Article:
Bencher Election (Throwback Thursday)

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By Melanie Hodges Neufeld

To mark the big election this month – the Law Society’s Bencher Election of course – here are some interesting tidbits from the election’s  history:

  • The Legal Profession Act of 1907 did not make provision for electoral divisions. Each bencher represented all members and there was a preponderance of benchers from southern Saskatchewan.
  • For the first 12 years of the Society’s existence, there were 9 elected benchers. The Legal Profession Act was amended prior to the 1919 election to increase the number to 12.
  • The Act was amended prior to the 1964 election to increase the number of elected benchers to 15 and to include electoral districts. The districts mirrored the land titles districts, except Yorkton and Humboldt which would be considered one district. Regina and Saskatoon were also separate districts.
  • Amendments to the Act in 1981 increased the number of benchers to 18, with 2 additional benchers for the Saskatoon district and the dean of the College of Law now a full voting bencher.
  • In 1982, Gwen Randall was the first female bencher elected to the Law Society of Saskatchewan.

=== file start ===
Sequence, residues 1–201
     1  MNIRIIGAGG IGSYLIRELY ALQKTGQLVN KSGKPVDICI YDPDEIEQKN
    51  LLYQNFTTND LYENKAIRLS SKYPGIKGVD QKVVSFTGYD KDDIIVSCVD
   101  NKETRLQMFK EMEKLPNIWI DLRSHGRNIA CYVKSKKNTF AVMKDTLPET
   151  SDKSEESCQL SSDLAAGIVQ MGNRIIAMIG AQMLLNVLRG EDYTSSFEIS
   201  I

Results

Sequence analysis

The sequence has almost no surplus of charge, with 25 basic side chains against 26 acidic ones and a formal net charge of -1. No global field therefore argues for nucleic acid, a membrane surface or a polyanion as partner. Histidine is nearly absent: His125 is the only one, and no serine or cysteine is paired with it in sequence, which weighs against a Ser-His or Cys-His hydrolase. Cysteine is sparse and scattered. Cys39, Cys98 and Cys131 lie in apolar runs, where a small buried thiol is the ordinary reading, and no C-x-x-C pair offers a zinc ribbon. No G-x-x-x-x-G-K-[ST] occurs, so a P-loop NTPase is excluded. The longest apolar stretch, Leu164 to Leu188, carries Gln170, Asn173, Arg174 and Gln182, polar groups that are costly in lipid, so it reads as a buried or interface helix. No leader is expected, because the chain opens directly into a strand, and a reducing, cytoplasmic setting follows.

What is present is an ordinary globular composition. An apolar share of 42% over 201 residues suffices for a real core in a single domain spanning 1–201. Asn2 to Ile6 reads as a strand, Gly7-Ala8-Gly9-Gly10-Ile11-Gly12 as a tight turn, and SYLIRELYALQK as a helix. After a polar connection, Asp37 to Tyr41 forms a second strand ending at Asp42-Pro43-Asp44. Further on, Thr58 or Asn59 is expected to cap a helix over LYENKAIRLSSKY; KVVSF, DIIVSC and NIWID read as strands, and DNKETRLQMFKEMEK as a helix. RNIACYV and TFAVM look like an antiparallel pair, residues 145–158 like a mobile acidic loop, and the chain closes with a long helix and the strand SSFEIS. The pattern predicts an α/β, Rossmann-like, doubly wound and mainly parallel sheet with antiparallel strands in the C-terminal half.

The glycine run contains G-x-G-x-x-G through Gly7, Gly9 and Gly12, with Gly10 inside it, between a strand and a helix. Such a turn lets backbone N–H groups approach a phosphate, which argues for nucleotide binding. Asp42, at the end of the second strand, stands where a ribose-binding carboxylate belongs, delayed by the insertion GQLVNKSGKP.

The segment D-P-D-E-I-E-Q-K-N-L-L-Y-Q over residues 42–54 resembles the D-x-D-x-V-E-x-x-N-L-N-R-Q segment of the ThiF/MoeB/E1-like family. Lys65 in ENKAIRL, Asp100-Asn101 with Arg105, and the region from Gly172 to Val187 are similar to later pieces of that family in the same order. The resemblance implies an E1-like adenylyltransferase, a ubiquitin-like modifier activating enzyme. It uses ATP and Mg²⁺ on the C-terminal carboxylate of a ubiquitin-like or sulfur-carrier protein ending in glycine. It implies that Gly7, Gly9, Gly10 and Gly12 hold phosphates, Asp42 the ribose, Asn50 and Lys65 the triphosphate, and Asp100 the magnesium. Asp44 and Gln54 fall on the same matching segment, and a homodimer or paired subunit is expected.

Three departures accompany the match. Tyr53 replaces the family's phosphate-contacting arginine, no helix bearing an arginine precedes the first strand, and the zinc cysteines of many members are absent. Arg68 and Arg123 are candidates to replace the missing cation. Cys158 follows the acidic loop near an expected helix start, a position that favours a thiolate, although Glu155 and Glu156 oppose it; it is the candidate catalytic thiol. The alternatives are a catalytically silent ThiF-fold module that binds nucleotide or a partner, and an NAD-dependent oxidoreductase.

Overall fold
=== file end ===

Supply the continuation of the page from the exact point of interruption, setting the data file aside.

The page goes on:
• The 1991 election was the first to use a ward system of voting. Benchers were elected only by the members in their own electoral division, as opposed to being elected by province-wide voting.
  • The Legal Profession Act, 1990 was proclaimed on October 1, 1991 and introduced for the first time in Saskatchewan the concept of non-lawyer benchers. Two were to be appointed by the lieutenant-governor in council after consultation with the Society.
  • Prior to the 1997 election, boundary changes resulted in:
    • Prince Albert being represented by one bencher,
    • the former Prince Albert and Humboldt-Yorkton divisions be renamed the North East and East Central divisions, and
    • the membership of the Kerrobert division would be split between the Battlefords and Swift Current divisions, which would be renamed the North West and South West divisions, respectively.
  • Currently there are 23 benchers representing 9 geographic divisions, the New Lawyer Bencher division, Dean of the College of Law, and 4 Public Representatives.

For more information on the upcoming election, please visit our website.

 

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